Despite a California bike helmet mandate, only 11 percent of Los Angeles County children treated for bike-related injuries were wearing a helmet, according to an abstract presented Oct. 26 at the American Academy of Pediatrics (AAP) National Conference and Exhibition in Orlando. Specifically, children older than age 12, and low-income and minority children were less likely to wear a bike helmet.
According to the U.S. Centers for Disease Control and Prevention (CDC), approximately 33 million children ride bicycles for nearly 10 billion hours each year. Unfortunately, bicycle crashes and bicycle-related head injuries cause 150,000 emergency department visits and nearly 400 deaths each year.
In the abstract, "Racial/Ethnic and Socioeconomic Disparities in the Use of Helmets in Children Involved in Bicycle Accidents," researchers reviewed the records of all pediatric patients involved in bicycle-related accidents from the Los Angeles County database between 2006 and 2011. The information included helmet use, age, gender, insurance status and race/ethnicity. Further analysis sought to determine whether helmet use was associated with the need for emergency surgery, morbidity, mortality and length of hospital stay.
There were 1,248 children involved in bicycle-related accidents in Los Angeles County. The median age of these children was 13; 64 percent were male. Overall, 11.3 percent of patients wore helmets, with some ethnic-based differences: 35.2 percent of white children wore helmets, compared to 7 percent of Asian children, 6 percent of black children, and 4 percent of Hispanic children. Researchers also observed differences based on insurance coverage, with 15.2 percent of children with private insurance coverage and 7.6 percent of children with public insurance wearing helmets at the time of injury. Children over age 12 were less likely to wear a helmet.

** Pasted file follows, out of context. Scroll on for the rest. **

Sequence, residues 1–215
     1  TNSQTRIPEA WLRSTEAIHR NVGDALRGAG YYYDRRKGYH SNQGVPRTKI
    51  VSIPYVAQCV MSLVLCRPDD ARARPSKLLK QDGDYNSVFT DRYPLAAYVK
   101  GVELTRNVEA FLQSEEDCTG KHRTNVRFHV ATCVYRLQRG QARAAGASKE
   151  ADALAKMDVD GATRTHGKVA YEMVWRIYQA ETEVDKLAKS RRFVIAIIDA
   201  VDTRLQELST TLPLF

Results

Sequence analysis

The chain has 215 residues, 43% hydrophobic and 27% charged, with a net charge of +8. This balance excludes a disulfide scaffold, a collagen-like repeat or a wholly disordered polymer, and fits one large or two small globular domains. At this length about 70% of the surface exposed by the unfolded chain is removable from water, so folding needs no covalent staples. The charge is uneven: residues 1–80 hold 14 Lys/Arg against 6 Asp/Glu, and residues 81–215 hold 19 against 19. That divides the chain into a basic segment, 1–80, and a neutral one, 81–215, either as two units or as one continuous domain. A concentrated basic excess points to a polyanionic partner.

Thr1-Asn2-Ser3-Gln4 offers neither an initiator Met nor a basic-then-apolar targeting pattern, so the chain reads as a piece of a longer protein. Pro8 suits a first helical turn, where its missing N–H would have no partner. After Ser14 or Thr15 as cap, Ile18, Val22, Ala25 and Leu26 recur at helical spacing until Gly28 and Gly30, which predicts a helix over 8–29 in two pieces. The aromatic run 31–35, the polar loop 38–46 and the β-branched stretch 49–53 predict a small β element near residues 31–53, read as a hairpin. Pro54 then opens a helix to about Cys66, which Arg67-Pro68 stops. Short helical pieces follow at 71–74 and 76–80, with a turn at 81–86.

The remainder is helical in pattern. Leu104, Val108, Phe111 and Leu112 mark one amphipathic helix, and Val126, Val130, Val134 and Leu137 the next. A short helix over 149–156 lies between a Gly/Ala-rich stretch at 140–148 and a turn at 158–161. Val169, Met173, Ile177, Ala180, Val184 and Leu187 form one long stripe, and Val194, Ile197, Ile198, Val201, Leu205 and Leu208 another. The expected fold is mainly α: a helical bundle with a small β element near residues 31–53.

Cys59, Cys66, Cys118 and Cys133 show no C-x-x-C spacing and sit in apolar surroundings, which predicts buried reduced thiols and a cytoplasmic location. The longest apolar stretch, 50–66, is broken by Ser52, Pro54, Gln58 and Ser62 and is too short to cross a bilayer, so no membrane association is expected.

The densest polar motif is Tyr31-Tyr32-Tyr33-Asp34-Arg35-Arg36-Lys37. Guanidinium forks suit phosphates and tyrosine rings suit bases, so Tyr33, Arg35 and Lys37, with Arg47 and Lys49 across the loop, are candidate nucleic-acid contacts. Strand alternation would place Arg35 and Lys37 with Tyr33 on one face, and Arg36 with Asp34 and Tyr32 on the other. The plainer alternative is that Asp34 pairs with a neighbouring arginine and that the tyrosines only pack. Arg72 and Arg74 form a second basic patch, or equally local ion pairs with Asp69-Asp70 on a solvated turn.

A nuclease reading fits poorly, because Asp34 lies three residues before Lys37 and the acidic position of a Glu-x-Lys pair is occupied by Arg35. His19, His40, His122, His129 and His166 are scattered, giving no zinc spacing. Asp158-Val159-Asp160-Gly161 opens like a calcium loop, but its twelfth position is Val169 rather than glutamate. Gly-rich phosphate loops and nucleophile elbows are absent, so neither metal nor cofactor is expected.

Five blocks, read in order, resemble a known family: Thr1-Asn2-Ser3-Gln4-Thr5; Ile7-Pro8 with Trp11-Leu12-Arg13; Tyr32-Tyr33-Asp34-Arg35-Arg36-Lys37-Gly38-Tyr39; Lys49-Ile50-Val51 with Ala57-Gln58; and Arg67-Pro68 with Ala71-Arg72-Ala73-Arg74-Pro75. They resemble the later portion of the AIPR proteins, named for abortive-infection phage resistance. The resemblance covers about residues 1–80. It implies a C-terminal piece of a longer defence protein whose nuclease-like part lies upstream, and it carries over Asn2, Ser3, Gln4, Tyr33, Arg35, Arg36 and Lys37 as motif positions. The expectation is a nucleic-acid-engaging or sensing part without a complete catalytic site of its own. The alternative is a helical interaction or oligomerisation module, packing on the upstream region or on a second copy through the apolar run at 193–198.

Overall, 5.9 percent of the injured children required emergency surgery, and 34.1 percent of the children returned to their pre-injury capacity. The mortality rate was 0.7 percent. Of the nine patients who died, eight were not wearing a helmet.
"Our study highlights the need to target minority groups, older children, and those with lower socioeconomic status when implementing bicycle safety programs in Los Angeles County," said study author Veronica F. Sullins, MD.
Regional studies highlighting racial or ethnic and socioeconomic differences may help identify at-risk populations within specific communities, allowing these communities to more effectively use resources, said Dr. Sullins.
"Children and adolescents have the highest rate of unintentional injury and therefore should be a high priority target population for injury-prevention programs," Dr. Sullins said.
Explore further: Research supports laws that require bicyclists to wear helmets